The stress response is the body’s way of protecting us. When working properly, it helps us stay focused, energetic, and alert. In emergency situations, stress can save our life. The stress response also helps us rise to meet challenges. Stress is what keeps us on our toes during a presentation at work and sharpens our concentration. But beyond a certain point, stress stops being helpful. At that stage, it may start causing damage to our health, mood, and productivity. It will negatively affect our quality of life and may increase our risk of disease.
What do patients generally mean when they complain of stress? Sometimes they complain about the stressors themselves. There may be unpleasant life situations like financial problems, marital problems, and job-related issues. However, the stressor does not have to be unpleasant in itself to induce stress. Maybe your daughter is getting married, you’re up for a promotion, or you’re preparing for a television interview. These are not unpleasant situations, but they are ‘stressors’. You may be sweating, having problems concentrating and you may have sleep problems. Thus, both ‘good and bad’ stressors may cause a stressful experience.
Sometimes patients don’t directly associate their symptoms with the stressors. They may complain of symptoms such as sleep problems and anxiety. In other cases, the symptoms are more physical like an irregular heart beat, breathing difficulties, stomach pain, nausea or diarrhea.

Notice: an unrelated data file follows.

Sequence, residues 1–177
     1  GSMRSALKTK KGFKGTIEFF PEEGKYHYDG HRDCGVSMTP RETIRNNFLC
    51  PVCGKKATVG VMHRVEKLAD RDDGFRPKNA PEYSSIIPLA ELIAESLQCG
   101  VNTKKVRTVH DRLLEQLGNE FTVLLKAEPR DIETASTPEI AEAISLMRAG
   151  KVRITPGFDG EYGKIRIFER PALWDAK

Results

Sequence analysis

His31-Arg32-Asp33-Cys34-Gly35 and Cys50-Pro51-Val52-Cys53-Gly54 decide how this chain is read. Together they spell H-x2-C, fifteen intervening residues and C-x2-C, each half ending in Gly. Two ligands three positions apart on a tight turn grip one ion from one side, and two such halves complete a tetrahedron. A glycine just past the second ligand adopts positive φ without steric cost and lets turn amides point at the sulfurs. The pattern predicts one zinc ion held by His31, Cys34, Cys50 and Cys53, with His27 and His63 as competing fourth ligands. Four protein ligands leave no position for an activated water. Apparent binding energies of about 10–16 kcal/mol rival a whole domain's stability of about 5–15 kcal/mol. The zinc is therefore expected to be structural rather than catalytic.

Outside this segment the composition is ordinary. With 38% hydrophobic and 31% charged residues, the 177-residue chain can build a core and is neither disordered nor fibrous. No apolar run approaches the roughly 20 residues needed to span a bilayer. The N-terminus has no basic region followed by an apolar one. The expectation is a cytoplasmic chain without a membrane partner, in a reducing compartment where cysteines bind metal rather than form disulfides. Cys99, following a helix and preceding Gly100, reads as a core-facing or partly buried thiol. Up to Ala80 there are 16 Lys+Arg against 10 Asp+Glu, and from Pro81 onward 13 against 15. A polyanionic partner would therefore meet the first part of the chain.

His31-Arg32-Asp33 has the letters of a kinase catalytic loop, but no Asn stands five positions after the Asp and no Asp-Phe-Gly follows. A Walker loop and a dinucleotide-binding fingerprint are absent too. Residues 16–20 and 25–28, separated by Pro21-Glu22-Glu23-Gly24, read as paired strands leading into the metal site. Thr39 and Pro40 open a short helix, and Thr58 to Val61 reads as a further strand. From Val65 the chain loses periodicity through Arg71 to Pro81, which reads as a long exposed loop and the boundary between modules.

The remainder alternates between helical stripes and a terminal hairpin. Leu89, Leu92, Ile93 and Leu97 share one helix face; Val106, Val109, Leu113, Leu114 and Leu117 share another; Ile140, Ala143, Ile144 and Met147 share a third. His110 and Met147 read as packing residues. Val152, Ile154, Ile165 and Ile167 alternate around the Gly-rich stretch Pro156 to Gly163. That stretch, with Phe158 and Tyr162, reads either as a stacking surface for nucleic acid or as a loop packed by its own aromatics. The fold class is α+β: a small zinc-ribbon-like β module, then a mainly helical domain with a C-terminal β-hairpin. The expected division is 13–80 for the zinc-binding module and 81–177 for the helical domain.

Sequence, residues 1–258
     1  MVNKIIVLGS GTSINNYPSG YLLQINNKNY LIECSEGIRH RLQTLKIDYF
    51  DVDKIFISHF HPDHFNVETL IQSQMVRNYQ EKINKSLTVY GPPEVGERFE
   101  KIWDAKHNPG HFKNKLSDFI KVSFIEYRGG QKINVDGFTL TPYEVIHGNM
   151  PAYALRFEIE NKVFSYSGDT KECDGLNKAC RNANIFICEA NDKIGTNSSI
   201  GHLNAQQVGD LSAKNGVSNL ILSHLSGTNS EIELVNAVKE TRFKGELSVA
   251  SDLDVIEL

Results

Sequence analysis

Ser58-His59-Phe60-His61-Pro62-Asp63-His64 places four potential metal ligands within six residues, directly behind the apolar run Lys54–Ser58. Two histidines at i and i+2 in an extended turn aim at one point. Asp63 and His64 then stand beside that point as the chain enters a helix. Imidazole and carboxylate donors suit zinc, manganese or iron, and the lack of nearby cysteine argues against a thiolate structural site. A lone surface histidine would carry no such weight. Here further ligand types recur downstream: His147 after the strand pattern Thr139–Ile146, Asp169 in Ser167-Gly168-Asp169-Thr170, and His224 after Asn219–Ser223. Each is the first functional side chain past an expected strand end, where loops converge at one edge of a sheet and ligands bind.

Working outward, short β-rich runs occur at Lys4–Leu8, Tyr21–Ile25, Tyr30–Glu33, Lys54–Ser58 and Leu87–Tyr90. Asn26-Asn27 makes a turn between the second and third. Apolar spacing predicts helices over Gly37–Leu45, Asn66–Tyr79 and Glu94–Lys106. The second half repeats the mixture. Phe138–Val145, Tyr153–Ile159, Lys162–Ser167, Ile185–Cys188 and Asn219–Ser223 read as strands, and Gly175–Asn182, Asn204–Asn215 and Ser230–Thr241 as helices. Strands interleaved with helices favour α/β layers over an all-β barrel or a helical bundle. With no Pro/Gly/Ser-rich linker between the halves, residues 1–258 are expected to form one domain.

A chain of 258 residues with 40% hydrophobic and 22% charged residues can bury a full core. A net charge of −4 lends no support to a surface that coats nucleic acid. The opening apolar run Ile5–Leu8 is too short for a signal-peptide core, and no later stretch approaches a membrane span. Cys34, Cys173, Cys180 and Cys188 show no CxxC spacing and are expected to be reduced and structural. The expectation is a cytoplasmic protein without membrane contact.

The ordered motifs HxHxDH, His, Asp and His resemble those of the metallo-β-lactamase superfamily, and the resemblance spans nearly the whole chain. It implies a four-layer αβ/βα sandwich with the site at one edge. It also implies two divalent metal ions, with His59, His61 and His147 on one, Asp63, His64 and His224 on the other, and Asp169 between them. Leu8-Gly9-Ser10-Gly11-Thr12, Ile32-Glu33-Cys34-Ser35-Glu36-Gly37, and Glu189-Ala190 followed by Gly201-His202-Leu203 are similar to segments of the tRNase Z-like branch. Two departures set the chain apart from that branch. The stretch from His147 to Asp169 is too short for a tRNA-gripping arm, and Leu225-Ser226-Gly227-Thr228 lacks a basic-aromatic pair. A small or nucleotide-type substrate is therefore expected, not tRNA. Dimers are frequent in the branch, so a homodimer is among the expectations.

It is practical to differentiate between acute and chronic stressors. Examples of acute stressors are disasters such as earthquakes, loss of job, business failure or sudden divorce. Examples of chronic ‘stressors’ are job stress, marital unhappiness, and financial worries.
The effects of a stressor on the health of the individual may differ, depending on the patient’s vulnerabilities. An individual who has a strong familial and emotional support may show better tolerance to the effects of stressors than a person who is socially isolated. A good example of this phenomenon is the story of the people of Roseto.
The Roseto Effect
Roseto is an Italian-American town in eastern Pennsylvania. In the early 1960’s a local physician, Dr. Benjamin Falcone, who had been practicing in Roseto for 17 years pointed out that he rarely saw a case of heart attack (acute myocardial infarction) in any of the 1600 inhabitants of Roseto under age of 65. Subsequently, it was confirmed that from 1955 to 1965 the death rate from heart attack was markedly lower than in nearby communities and the rest of the country. However, the usually accepted risk factors were not less common in Roseto than elsewhere. The men spent their days doing hazardous labor in underground slate mines. Smoking was common. The traditional Italian food had been Americanized, and could not be considered heart healthy. So why weren’t Rosetans dropping dead with heart disease?